Small World, Big World

Have you been to Disneyland and taken the “It’s a Small World” ride? I have. And just thinking about it evokes the catchy, albeit annoying tune. It has a sentiment that wants to remind us that our world is really pretty small, that we are joined by the immediacy of technology, realtime news; even the effects of mass immigration have led to the creation of multicultural populations. It’s a Small World wants us to feel good about all of this. But not all of us want to feel good about this. A lot has changed in our world since the ride opened in 1966.

We could talk about the changing political landscape, the rise of terrorism, economic meltdowns, the shrinking of the middle class, the "isms" that have reared their ugly heads. My focus is on faith matters. Religion. The church.

The news isn’t good. 1966 was the year a great decline in church attendance began to the point that today a PEW study found that less than 20% of Americans regularly attend church. “What does this have to do with It’s a Small World?” you might ask.

During that same time there has been a sharp rise in conservative church plants. While that might not be a bad thing generally (Jesus Christ had some very conservative views),  I think it was when some conservative Christians began to focus on a very narrow set of issues, ones that caused division within the Christian body writ large, that the smallness of our world took a turn from being a celebration of our oneness within diversity to a demonization of diversity.

The church got small minded. The inclusive nature of God’s kingdom taught by Jesus became exclusive. There was only one way to experience the fullness of life in God. Truth became absolute.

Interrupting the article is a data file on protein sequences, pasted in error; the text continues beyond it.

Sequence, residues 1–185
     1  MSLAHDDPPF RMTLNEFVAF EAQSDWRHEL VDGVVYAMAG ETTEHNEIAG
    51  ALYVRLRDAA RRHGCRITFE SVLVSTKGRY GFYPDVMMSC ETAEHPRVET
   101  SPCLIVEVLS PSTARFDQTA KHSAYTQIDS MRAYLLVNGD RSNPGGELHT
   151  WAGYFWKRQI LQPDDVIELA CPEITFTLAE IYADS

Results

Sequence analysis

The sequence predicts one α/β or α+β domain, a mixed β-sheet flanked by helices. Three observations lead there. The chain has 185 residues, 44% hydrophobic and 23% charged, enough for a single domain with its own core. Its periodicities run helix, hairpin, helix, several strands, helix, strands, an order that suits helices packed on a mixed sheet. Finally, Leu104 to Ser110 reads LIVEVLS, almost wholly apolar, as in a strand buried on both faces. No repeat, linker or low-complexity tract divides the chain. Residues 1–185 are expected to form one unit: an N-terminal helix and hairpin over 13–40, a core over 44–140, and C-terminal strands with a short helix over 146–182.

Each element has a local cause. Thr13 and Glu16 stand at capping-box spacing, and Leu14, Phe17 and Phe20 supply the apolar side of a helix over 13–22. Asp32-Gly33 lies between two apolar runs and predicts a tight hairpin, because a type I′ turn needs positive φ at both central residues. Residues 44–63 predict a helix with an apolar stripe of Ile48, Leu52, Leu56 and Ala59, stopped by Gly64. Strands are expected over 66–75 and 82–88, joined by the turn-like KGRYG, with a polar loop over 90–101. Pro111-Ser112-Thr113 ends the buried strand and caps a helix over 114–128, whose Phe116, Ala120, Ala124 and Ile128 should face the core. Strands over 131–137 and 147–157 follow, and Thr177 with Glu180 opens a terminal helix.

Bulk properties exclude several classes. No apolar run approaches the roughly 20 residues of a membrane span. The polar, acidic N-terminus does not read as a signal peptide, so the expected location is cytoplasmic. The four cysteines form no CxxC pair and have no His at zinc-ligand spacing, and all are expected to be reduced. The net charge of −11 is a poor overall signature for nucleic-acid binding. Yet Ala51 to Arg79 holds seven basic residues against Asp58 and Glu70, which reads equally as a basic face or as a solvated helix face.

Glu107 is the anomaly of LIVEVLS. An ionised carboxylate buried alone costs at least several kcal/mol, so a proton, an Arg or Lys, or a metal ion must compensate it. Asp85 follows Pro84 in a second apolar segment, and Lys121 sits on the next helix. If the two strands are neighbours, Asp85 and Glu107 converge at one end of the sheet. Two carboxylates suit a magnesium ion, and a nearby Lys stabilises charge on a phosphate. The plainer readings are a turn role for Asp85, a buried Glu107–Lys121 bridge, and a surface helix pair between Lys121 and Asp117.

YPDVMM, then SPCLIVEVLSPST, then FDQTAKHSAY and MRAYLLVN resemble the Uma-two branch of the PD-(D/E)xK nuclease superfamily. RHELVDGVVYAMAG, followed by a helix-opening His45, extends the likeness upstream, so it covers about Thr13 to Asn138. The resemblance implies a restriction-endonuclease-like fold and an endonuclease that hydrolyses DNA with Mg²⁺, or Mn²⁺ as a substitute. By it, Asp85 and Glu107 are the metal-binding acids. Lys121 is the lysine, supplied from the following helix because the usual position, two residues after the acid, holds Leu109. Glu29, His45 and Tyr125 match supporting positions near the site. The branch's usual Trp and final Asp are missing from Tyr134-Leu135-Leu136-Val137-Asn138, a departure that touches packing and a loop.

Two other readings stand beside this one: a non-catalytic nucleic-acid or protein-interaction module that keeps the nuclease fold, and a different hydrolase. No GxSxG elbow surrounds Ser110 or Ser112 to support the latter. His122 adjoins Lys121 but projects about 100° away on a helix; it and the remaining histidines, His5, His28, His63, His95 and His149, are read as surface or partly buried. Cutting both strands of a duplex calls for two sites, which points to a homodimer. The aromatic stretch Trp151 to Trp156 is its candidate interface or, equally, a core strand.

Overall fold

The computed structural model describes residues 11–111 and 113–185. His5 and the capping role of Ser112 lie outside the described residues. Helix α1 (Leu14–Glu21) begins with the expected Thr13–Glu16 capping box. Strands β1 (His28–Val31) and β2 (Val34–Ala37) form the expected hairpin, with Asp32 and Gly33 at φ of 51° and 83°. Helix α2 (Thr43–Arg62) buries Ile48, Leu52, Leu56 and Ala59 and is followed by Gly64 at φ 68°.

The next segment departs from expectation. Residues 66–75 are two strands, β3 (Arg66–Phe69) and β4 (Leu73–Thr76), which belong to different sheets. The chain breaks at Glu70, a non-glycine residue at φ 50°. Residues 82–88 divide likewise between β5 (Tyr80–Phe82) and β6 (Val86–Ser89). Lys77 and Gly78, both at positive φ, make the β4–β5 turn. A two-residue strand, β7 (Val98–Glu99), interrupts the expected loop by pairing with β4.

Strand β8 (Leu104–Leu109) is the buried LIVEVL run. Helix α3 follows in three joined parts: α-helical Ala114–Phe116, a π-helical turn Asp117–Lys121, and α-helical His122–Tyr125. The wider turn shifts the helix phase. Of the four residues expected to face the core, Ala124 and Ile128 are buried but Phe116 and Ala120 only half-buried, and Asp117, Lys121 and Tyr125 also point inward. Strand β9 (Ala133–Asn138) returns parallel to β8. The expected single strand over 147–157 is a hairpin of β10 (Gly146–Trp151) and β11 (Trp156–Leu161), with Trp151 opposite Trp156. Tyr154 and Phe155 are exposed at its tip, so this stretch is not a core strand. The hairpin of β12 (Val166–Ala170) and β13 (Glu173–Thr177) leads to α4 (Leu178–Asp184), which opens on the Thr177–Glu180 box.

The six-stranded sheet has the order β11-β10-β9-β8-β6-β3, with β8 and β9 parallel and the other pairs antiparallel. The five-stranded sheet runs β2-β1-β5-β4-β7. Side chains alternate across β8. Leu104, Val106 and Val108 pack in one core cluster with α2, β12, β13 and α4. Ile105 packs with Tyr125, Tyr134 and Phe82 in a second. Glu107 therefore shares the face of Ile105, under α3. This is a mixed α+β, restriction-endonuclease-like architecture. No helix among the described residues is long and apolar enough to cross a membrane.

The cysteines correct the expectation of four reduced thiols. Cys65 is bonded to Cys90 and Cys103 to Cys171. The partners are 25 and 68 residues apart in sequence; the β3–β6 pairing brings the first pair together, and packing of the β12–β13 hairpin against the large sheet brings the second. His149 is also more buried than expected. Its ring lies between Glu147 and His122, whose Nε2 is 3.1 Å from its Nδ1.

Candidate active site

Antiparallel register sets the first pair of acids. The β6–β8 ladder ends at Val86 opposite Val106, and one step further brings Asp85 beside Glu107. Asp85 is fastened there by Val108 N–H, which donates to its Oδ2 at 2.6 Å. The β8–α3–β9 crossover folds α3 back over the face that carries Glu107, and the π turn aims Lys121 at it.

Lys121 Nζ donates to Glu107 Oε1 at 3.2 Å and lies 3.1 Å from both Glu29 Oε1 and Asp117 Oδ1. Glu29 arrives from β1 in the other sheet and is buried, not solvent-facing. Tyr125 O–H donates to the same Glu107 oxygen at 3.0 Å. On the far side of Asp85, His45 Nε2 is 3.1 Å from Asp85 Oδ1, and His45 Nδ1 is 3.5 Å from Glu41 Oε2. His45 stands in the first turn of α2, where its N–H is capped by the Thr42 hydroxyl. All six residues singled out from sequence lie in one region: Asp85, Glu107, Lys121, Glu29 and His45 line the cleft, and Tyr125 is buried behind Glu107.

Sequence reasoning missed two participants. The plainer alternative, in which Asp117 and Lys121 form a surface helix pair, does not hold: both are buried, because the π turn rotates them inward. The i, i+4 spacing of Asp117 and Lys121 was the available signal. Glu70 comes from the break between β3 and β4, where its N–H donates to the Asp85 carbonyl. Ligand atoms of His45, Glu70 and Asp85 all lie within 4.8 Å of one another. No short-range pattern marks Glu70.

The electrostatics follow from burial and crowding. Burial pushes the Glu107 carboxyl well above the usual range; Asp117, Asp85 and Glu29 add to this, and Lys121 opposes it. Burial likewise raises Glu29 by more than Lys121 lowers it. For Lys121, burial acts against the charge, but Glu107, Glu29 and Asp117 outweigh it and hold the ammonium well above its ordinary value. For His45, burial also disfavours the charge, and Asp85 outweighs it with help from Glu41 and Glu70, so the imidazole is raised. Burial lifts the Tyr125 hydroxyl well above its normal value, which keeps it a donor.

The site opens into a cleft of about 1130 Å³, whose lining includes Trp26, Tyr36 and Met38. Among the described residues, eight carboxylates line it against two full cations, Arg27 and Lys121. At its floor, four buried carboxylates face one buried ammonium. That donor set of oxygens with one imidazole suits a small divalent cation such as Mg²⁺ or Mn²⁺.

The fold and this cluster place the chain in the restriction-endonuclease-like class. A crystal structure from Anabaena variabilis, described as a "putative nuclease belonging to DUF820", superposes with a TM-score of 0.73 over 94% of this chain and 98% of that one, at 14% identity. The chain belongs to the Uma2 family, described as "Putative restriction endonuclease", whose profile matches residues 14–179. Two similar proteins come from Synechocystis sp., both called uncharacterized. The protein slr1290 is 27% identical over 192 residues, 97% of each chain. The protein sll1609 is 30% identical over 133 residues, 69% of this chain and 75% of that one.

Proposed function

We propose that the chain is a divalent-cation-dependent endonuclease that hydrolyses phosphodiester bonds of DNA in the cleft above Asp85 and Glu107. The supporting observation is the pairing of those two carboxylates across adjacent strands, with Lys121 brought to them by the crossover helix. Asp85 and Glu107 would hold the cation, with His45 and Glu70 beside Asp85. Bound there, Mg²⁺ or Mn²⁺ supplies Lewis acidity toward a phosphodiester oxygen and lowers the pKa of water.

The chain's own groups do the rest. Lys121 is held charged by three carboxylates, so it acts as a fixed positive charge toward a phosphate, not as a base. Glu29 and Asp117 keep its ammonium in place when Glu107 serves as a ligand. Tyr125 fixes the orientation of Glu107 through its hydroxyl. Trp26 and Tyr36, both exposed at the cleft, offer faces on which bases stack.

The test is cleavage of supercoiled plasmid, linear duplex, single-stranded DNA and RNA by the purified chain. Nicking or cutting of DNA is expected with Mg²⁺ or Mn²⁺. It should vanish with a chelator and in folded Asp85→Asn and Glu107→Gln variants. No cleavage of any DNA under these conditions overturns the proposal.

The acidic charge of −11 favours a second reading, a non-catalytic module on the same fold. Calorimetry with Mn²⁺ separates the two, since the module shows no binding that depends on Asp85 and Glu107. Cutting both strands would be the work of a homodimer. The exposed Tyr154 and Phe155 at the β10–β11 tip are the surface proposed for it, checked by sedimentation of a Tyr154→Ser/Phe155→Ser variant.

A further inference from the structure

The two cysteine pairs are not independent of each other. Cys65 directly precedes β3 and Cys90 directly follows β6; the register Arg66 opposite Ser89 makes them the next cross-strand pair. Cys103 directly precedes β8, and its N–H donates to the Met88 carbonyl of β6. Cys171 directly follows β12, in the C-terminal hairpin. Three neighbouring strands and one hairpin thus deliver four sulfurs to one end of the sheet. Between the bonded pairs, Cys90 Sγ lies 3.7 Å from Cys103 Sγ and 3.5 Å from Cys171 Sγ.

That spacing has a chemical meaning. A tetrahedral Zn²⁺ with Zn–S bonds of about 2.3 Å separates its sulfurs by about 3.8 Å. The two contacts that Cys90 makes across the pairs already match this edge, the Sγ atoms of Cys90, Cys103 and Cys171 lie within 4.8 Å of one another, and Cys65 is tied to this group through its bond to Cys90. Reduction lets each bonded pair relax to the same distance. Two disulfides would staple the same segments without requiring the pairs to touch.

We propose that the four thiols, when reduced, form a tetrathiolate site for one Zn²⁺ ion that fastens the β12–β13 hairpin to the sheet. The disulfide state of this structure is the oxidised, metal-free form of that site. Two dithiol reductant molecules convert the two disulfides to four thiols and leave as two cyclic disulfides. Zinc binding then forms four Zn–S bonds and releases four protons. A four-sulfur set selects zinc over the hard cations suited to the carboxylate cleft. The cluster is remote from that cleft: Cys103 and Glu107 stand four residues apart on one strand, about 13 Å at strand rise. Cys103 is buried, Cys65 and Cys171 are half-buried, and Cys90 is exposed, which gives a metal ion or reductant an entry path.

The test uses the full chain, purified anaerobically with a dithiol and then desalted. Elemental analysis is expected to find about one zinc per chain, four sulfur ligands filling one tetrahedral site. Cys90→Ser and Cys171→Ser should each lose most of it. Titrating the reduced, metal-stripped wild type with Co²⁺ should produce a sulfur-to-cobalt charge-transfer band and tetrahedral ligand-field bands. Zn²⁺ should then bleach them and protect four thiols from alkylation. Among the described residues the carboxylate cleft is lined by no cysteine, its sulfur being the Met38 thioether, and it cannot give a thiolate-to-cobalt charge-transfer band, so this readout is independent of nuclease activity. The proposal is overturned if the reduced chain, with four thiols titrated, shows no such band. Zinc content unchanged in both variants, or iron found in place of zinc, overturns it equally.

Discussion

My Protestant theology is suspicious of absolutes. The Protestant Principle states that the redemption of creation by God is an ongoing thing, filled with surprises and unknowns.

We may know a lot about God, but there is a lot about God we don’t know. I think that’s why the prophet Micah warned us to act justly, love tenderly and walk humbly with God. There is little room for humility when one thinks they have the absolute truth.

I heard a story about a church called Heartsong and the dilemma their pastor felt when it became apparent that a Muslim community had purchased land across from the church in order to build an Islamic Center. Before simply reacting, the pastor prayed and searched scripture.

Next thing you know he had a banner sign put up in the church yard that said, “Heartsong Welcomes the Islamic Community.”

Several of the church members didn’t like the sign and threatened to leave. One of them, Bob, questioned the pastor, asking why they would welcome Muslims into their neighborhood. The pastor simply said, “Read the Gospels.”

And so, Bob did.

And he realized, and confessed with tears in his eyes that he was the problem. He had been the problem all along. And when the Islamic community needed a place to celebrate Ramadan, Heartsong let them use their fellowship hall. Friendships were made. Ministry began to happen together, serving the larger community.

In the midst of a celebration between the two faith communities Bob confessed, “My world got bigger.” I think Bob had entered God’s world. The God of all creation. The God of life. And love. And compassion. And grace. And justice. God’s world is not small.

Turns out it’s a BIG world after all.